4. Black Tupelo
Also known as the black gum tree, the tree’s dark green foliage turns into colorful shades in the fall.
In the spring, the non-showy flowers bloom and then turn into sour fruits that attract birds and other wildlife forms to your garden.
A good companion tree for American sweet gum or Liquidambar styraciflua to create a colorful fall garden.
Takes years to reach its mature size.
The bark is furrowed and simple, contrasting beautifully with the glossy green leaves.
Prefers loamy, slightly acidic soil and can handle standing water.
Tolerates clay soil that other trees won’t tolerate and withstands moisture and drought, especially when it matures.
Thrives in full to partial sunlight.
The Nyssa sylvatica has a long taproot, and it’s difficult to move, so you’ll have to pick a permanent location in your garden.
Prone to leaf spot, rust, and scale.
This medium-sized tree grows slowly, adding only one foot or two to its yearly height. It has an alligator-like bark and grows round with a straight trunk.
There are several varieties to grow in South Carolina, including Autumn Cascades and Wildfires.
5. White Oak
Quercus alba attracts different pollinators to your pollinator garden.
Attracts birds and other fragrant trees like sassafras, known as sassafras albidum.
The bark is a medicine for fever, cough, diarrhea, and arthritis.
Grows to reach 100 feet tall in the wild, like the tulip tree or Liriodendron tulipifera. On your property, you can expect it to be about 60 feet tall.
The gray bark adds beauty to your landscape, where the tree symbolizes endurance.
Pair it with understory trees like the blackjack oak and American holly.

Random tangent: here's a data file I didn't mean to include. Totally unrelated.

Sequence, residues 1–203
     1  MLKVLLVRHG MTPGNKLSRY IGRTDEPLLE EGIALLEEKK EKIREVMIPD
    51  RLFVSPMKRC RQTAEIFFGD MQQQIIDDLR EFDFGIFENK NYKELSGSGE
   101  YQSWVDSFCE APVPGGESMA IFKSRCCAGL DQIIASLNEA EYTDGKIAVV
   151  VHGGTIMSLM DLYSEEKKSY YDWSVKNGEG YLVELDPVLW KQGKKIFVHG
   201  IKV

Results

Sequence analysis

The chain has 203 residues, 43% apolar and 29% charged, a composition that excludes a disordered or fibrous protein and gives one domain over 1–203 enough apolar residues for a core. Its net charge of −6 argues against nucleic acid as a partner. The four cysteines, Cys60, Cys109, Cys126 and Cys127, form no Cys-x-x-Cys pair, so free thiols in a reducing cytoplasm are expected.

Easy to grow but needs plenty of space to allow its root system to spread.
Although this tree can survive in partial shade, it needs full sun exposure to achieve colorful fall foliage.
Thrives in slightly acidic to neutral deep moist soil and should be watered regularly until it gets established.
Oak leaf blister and powdering mildew usually infect this tree.
Regular pruning to remove the sick branches and leaves will keep the tree healthy.
There are almost 15 kinds of oak trees in South Carolina, but this one is the most common in landscape designs and private properties, right after cabbage palmetto.
Not only do these trees provide ornamental value, but they also preserve the native wildlife forms.
6. Bald Cypress
The needles turn to golden copper in the fall but quickly fall off the tree, creating a rich-colored mulch in your garden, benefiting your native plants.
A good specimen tree in rain gardens, where other trees won’t survive.
Represents a food source for birds, rabbits, deer, and bugs.
Has beautiful feathery jade needles.
Most people grow it for the appealing woody projections that protrude from the base of the trunk. They stabilize the tree when it grows in swamps and wet soil next to other moisture-loving trees like the river birch.
Before planting your Taxodium distichum tree, pick a permanent location.
Grow this tree in good-draining soil that retains moisture. High acidity levels are essential, so you must add peat moss if the soil is neutral.
Thrives in full sun and wet conditions but can withstand some drought. However, dry conditions will lead to mite infestation.
It grows slowly, so you should consider future planning of your landscape, thinking of how big it will get after a few years.
Requires work and maintenance, so you should amend the soil if the conditions aren’t favorable.
Removing the protrusions is too much work, so it’s better to include them in your landscape design with other types of trees in Charleston, SC, for a native garden.